Microbial Ecology of Naphthenic Acid (NA) Degradation

  • Karl Skeels
  • Corinne WhitbyEmail author
Reference work entry
Part of the Handbook of Hydrocarbon and Lipid Microbiology book series (HHLM)


Bitumen extraction produces large amounts of oil sands process-affected waters (OSPW) which are stored in vast tailings ponds. OSPW is acutely toxic to many organisms, and this toxicity is largely attributed to the presence of naphthenic acids (NAs). NAs are complex mixtures of organic compounds, including acyclic and cyclic, saturated and aromatic carboxylic acids, which traditionally fit the general formula CnH2n+zO2. Di-, tri-, tetra-, and pentacyclic diamondoid acids as well as structures that contain more than two oxygen atoms (Oxy-NAs) and/or nitrogen and sulfur have also been identified. NAs may originate from either anthropogenic (e.g., tailings ponds) or natural (e.g., Athabasca River sediments) sources. Although many studies have focused on the biodegradation of either model or commercial NAs, many of those NAs found in the environment are recalcitrant to biodegradation. Currently, little is known about the ecology of NA-degrading microorganisms and the range of NAs that they metabolize. Typically, mixed microbial communities from environments that have a history of NA contamination, such as those found in oil sands and OSPW, can degrade NAs, including recalcitrant NAs, more quickly than pure cultures. Indeed, microorganisms capable of effective NA degradation include members of the Proteobacteria, particularly Pseudomonas spp. However, NA structure and composition, as well as environmental factors such as the presence of specific electron acceptors, trace metals, and competition for substrates from non-NA-degrading microbes, are important drivers in shaping NA-degrading microbial communities. In order to elucidate the mechanisms of NA degradation for future remediation strategies, it is important to better understand the ecology of NA degradation.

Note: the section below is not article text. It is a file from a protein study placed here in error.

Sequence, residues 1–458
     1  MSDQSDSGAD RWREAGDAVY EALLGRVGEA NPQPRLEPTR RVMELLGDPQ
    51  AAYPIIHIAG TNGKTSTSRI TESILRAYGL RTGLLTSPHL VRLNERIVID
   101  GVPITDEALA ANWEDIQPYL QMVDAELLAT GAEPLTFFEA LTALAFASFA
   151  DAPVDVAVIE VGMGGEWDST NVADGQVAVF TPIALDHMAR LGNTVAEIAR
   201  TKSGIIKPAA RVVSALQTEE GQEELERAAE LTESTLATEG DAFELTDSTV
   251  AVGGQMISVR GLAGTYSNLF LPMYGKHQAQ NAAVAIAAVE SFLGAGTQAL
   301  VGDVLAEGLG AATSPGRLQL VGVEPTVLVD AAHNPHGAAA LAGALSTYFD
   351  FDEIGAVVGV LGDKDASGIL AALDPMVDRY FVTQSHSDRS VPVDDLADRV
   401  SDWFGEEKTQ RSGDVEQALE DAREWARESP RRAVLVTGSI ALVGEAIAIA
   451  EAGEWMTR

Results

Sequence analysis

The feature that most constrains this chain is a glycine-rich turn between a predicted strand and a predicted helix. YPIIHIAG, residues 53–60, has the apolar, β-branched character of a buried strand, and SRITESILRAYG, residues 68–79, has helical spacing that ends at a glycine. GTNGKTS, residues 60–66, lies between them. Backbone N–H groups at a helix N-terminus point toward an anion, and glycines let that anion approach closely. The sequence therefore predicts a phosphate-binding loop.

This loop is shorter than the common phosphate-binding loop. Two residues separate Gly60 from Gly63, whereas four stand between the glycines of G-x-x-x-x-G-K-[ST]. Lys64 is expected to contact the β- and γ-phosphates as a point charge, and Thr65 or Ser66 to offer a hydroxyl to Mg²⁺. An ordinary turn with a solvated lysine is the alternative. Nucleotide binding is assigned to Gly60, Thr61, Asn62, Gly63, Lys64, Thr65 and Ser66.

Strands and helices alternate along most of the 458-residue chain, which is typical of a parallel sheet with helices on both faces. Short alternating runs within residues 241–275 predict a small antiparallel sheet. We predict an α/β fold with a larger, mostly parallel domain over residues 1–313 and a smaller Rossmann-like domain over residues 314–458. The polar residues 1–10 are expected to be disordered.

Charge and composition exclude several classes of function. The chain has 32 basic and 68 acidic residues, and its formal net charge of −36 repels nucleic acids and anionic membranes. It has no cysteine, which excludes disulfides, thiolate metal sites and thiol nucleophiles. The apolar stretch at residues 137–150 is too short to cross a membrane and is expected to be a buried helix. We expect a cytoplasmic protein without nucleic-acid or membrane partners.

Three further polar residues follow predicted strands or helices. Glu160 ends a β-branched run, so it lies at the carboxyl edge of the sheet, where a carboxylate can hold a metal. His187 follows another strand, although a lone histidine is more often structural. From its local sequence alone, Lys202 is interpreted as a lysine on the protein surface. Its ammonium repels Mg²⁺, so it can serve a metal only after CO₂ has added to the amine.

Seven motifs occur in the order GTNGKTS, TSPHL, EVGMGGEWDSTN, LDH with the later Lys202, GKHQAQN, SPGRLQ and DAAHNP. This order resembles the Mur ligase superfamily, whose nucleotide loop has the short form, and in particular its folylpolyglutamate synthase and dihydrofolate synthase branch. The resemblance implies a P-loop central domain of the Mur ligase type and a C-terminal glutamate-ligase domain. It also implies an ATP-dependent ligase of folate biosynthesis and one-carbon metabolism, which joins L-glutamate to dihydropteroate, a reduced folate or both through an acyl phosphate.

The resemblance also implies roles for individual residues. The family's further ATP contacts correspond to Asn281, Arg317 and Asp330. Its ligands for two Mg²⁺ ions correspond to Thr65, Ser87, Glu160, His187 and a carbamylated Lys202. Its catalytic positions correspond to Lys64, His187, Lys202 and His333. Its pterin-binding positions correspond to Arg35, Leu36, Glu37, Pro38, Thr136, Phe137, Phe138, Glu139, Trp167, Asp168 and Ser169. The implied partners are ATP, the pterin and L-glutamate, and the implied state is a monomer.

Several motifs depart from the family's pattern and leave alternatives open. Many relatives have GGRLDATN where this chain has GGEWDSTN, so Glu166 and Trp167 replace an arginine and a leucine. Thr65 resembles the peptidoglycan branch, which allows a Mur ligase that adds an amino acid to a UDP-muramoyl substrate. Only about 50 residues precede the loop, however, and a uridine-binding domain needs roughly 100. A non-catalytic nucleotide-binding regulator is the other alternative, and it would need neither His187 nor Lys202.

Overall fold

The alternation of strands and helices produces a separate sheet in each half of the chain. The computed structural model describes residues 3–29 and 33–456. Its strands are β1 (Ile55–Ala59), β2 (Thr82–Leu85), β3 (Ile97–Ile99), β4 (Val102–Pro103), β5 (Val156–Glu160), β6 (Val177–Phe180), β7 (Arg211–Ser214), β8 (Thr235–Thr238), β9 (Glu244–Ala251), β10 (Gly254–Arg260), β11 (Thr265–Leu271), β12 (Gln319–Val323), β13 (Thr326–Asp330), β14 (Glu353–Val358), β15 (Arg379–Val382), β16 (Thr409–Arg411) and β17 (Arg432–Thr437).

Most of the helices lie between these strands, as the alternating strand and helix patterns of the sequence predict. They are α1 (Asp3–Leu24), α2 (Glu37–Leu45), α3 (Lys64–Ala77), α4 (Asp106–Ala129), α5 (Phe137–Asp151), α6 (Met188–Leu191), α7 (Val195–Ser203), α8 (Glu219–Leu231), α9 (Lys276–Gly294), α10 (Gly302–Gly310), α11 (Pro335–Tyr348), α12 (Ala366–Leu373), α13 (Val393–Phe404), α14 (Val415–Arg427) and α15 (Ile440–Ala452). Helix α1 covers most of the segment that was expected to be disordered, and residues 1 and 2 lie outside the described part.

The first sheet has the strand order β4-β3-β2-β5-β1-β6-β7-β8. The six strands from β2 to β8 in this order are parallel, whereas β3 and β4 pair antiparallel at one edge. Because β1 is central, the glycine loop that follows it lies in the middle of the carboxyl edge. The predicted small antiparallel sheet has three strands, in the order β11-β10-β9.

List of Abbreviations


Acid-extractable organics


Activated sludge


Benzene, toluene, ethylbenzene and xylene


Cyclohexane acetic acid


Cyclohexane butyric acid


Cyclohexane carboxylic acid


Cyclohexane propionic acid


Cyclohexane pentanoic acid


Decanoic acid


Decahydro-2-naphthoic acid


Granular activated carbon




Hexanoic acid


Lethal concentration


Methyl-cyclohexane carboxylic acid


Mature fine tailings


Naphthenic acids


Oil sands process-affected waters (or oil sands process waters)


Oxy-naphthenic acids


Polycyclic aromatic hydrocarbons


Sequencing batch reactor


Sulfate-reducing bacteria



We thank Dr. Lisa Gieg, University of Calgary, for her useful comments on the manuscript.


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Authors and Affiliations

  1. 1.School of Biological SciencesUniversity of EssexEssexUK

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